"Happiness and misery, growth and wasting, strength and weakness, virility and sterility, knowledge and ignorance, life and death all depend upon sleep."
Sleep deprivation is a global epidemic and national health crisis in the United States. 50-70 million Americans have a sleep disorder. Sleepfoundation.org reports that the average American sleeps about 7 hours and 36 mins, yet 20% reported they did not wake up feeling refreshed on any of the past 7 days and an additional 35% reported their sleep quality as poor or only fair. 67% of those who reported poor or only fair sleep quality also reported poor or only fair quality of health. A 2006 study by the National Sleep Foundation concluded that 87% of all high school students are chronically sleep deprived. A study of more than 28,000 high school students published in the Journal of Youth and Adolescence found that each hour of lost sleep is associated with a 38% increase in feeling sad or hopeless and a 58% increase in suicide attempts, along with increased risk of heightened emotional states, learning problems, increased substance use or abuse, and higher risk of obesity.
It's simple, sleep is the building block of our health. But why do so many people struggle to get the kind of sleep they need? In Ayurveda, assessing sleep is one of the first issues we address when trying to bring a clients physiology back into state of balance. There are technically 5 stages of sleep. Starting with stage 1 through 4, 4 being the deepest stage where the brain produces slow Delta waves which are responsible for producing important hormones such as melatonin and DHEA. When the brain enters Delta, HGH (Human Growth Hormone) production increases, which helps in healing physical pain. The final stage is REM or Rapid Eye Movement, the state of sleep in which dreaming occurs. REM helps you learn faster and become more emotionally balanced. Dr.Vincent Walsh at the Institute of Cognitive Neuroscience in London believes that REM exists to encode memory, especially procedural memory, the kind that helps us to know how to do things, as well as "creative problem solving and motor skills." Where the problem lies is if our sleep quality is poor, and we are getting less of it then the less restoration and rejuvenation our body, but particularly our nervous system receives.
There are 2 major types of sleep disturbances most commonly recognized in Ayurveda, DFA (difficulty falling asleep) and EMA (early morning awakening.) DFA is a Vata Dosha aggravation, Vata being comprised of Air and Ether and governs over movement, transportation and communication of the nervous system throughout the body. To be more specific, it is an imbalance of the subdosha of Vata known as Prana Vata. Prana is often thought to translate as "the breath" but it is much more encompassing. Prana actually translates as "life force" or "subtle energic force" because it governs over the subtle energy of the body. Prana is located in the brain, head, throat, heart and respiratory organs. It is "the breath that nourishes the brain" as it provides clarity of the mind and reasoning, memory, enthusiasm, and is responsible for sneezing, belching and respiration. Common conditions associated with Prana Vata are anxiety, worry, overactive mind, insomnia, hiccups, asthma, blocked nasal passages and lung diseases. DFA and anxiety, worry and a overactive mind go hand in hand.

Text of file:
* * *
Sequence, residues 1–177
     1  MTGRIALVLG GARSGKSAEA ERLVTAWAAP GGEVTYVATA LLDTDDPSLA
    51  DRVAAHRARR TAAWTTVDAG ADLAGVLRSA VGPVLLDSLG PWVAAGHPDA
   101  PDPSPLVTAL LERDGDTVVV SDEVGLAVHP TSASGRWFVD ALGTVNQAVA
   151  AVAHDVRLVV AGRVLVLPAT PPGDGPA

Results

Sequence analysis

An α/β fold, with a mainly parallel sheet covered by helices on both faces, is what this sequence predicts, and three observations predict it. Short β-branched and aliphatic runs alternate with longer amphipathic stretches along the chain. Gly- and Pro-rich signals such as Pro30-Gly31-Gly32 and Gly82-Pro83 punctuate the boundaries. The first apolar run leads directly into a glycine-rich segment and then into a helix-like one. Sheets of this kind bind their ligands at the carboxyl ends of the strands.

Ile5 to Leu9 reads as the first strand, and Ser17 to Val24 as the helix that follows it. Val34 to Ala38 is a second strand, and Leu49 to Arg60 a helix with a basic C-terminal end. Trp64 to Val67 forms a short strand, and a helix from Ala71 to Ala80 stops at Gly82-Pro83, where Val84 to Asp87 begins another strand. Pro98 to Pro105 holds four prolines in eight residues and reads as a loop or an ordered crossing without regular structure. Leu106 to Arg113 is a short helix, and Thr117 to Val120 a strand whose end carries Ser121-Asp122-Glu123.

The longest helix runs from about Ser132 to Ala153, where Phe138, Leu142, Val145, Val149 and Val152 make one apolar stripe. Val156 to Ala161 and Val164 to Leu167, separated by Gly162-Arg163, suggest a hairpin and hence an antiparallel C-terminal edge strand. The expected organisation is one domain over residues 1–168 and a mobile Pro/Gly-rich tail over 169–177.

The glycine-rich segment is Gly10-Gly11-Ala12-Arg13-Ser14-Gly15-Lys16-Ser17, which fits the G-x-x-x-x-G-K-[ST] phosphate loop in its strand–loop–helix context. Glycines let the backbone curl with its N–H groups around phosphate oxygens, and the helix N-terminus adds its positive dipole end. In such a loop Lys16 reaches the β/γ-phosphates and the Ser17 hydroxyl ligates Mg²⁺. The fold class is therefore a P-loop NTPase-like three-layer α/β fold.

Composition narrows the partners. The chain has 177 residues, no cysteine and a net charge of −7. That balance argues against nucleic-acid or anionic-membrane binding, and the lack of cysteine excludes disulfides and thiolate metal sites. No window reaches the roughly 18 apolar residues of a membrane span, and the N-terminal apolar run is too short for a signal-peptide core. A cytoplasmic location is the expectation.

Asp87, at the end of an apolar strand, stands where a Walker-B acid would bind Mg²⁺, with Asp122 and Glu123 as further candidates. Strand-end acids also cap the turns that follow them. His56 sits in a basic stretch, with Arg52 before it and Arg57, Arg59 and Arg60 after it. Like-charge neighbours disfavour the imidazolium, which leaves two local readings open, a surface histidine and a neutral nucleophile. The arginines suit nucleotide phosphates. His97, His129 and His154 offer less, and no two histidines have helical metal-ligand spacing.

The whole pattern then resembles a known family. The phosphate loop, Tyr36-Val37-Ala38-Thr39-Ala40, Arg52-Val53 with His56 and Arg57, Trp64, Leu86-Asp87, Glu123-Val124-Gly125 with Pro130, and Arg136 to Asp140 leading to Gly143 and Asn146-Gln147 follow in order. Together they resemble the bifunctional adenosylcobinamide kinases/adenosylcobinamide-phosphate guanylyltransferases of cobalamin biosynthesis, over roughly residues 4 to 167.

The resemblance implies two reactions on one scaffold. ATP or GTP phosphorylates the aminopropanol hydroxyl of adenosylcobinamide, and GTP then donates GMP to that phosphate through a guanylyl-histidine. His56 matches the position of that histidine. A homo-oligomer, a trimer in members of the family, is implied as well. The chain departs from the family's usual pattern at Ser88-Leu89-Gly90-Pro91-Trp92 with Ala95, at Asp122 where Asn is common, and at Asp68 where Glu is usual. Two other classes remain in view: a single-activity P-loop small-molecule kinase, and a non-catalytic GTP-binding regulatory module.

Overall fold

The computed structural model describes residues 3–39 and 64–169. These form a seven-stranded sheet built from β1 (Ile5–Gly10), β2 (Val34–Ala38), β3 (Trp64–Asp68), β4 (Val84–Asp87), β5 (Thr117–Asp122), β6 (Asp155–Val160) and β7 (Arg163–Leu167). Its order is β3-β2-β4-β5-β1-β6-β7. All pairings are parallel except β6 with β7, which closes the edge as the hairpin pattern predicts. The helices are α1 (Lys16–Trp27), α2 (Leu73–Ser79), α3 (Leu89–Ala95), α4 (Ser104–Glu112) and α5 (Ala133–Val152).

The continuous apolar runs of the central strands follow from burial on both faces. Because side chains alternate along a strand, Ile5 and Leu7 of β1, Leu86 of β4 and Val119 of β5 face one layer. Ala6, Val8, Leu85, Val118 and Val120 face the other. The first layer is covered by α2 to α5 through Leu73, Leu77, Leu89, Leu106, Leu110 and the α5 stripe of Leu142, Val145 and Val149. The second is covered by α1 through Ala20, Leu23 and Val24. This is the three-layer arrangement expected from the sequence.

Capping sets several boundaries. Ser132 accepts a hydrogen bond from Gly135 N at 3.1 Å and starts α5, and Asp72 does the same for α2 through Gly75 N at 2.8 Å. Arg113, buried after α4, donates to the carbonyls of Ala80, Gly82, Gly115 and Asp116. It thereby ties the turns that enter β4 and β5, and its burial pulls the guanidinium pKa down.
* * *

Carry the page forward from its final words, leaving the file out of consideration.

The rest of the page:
EMA or Early Morning Awakening is both a Vata and Pitta Dosha aggravation. Pitta is comprised of the elements Fire and Water, and is responsible for digestion/metabolism, transformation, and elimination. The Subdosha of Ranjaka Pitta is the function and energy of liver and gallbladder, and is responsible for the formation of blood, the bodies manufacturing of proteins and the regulation of blood sugar and cholesterol. Common conditions such as skin rashes, allergies, hyperlipidemia, anemia, jaundice, irritability, EMA, hot flashes and PMS are due to imbalances of Ranjaka. Ranjaka becomes imbalanced from excessive or intense physical and mental activity, anger, frustration and excessively heating foods. While both sleep disorders share common treatment modalities, EMA requires more cooling and soothing remedies to counteract the heat and intensity of Ranjaka.
(Hour leading up to going to bed)
1) Prior to or directly after shower do warm self oil massage (abhyanga) with sesame or sunflower (can use herbalized Vata balancing by Banyan Botanical)
2) Take 3/4 cup of warm milk with 2 pinches of nutmeg, 1 pinch of cardamom and turmeric along with 1-2 tablets of Blissful Sleep for DFA (MAPI Products) or 2 Deep Rest for EMA (MAPI Products)
3) Listen to soothing music, preferably something with binaural beats such as Hemi-Sync (on Spotify or YouTube)
4) AROMATHERAPY: Essential oils such as Lavender, Jasmine, Sweet orange, Rose, Frankincense and Myrrh in diffuser or in bowl with hot water next to bed.